Myth: The COVID-19 vaccine isn’t safe for children
Fact: Throughout history, vaccines have helped prevent infectious diseases that had once killed or seriously harmed many children. Without vaccines, children would be at risk for severe illnesses, including measles, mumps, rotavirus and whooping cough, which could result in disability or even death.
The COVID-19 vaccine has been under more scrutiny than any other vaccine in recent history. The Pfizer COVID-19 vaccine, approved for people ages 5 and older, has been shown in trials to be safe and effective in preventing severe infection.
Myth: Wearing a mask all day is dangerous for children
Fact: No, wearing a mask is not dangerous for children. They can still breathe through and around the mask. Masks can block spit and large droplets produced by the respiratory system from an infected person. Contrary to internet rumors, it does not cause a build-up of carbon dioxide as the gas can get through the mask.
Myth: It is better for immunity to get COVID-19 – like I did with the chickenpox
Fact: Natural immunity is not enough. Getting COVID-19 and recovering (known as "natural immunity") does not appear to generate protection that is as long-lasting or robust as the protection generated after vaccination.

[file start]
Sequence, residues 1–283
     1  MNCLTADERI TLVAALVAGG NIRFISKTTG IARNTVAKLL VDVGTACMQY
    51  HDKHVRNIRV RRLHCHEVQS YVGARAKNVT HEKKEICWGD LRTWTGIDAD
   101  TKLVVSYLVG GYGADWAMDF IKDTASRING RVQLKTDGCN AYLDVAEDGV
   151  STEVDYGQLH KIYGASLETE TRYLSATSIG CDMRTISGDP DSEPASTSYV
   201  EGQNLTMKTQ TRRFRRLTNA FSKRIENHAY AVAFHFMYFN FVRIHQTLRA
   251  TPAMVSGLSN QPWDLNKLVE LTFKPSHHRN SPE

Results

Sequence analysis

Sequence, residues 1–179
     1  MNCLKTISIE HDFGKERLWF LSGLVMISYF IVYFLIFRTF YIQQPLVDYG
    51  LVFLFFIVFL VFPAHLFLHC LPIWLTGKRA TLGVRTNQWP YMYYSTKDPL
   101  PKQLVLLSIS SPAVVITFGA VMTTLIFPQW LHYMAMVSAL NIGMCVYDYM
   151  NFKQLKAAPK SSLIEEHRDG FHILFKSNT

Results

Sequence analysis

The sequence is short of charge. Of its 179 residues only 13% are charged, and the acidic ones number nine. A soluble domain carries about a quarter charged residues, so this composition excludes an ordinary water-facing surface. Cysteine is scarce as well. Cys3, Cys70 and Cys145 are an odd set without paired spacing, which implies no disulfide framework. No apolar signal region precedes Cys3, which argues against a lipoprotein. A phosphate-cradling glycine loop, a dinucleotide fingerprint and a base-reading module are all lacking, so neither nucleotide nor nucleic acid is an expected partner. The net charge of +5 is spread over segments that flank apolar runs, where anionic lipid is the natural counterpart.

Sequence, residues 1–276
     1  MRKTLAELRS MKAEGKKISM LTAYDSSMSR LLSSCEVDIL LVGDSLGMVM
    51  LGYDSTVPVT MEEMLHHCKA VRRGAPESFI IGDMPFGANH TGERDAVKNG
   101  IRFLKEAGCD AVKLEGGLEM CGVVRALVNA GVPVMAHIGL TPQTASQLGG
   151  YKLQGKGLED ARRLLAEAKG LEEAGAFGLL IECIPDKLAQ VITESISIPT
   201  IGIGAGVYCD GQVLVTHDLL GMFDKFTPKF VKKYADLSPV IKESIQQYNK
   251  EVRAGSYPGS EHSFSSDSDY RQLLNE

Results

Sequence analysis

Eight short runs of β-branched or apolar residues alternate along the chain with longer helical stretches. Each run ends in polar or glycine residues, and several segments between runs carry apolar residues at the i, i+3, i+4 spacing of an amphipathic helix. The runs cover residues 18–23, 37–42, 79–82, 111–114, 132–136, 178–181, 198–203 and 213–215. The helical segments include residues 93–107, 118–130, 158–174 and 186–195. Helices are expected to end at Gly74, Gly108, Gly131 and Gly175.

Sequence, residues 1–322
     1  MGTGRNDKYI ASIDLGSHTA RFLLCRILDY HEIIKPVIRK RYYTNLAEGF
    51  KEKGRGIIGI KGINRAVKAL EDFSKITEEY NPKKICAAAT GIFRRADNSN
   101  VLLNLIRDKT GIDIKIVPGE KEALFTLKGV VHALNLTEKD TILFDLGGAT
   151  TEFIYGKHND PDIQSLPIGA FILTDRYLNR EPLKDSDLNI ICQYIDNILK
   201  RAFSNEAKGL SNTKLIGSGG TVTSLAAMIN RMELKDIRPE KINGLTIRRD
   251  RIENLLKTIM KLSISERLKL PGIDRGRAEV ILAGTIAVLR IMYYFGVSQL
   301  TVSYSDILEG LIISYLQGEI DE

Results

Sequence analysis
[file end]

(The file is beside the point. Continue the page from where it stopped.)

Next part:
Myth: Children can't spread COVID-19
Fact: Children infected with COVID-19 can spread the disease even if they do not have noticeable symptoms or become very sick. 
Myth: COVID-19 vaccines can alter a child's DNA or impact their fertility later
Fact: The Pfizer COVID-19 vaccine is an mRNA vaccine. MRNA vaccines do not change or interact with your DNA in any way. The mRNA tells our cells to build protection against the virus that causes COVID-19. The material cannot enter the nucleus of the cells where our DNA is. The COVID-19 vaccine works with the body's natural defenses to safely develop immunity to disease. Again, the vaccines do not affect your DNA.
There is also no evidence that the COVID-19 vaccine affects fertility. On the contrary, vaccinated people are getting pregnant and others have had healthy babies.
Cook County Health Walk-in Locations and Hours
Cook County Health is offering walk-in availability and appointments for the COVID-19 vaccine. To make an appointment, visit vaccine.cookcountyil.gov or call 833-308-1988 between 8 a.m. – 8 p.m., Monday through Friday. Click on the fliers for a downloadable version.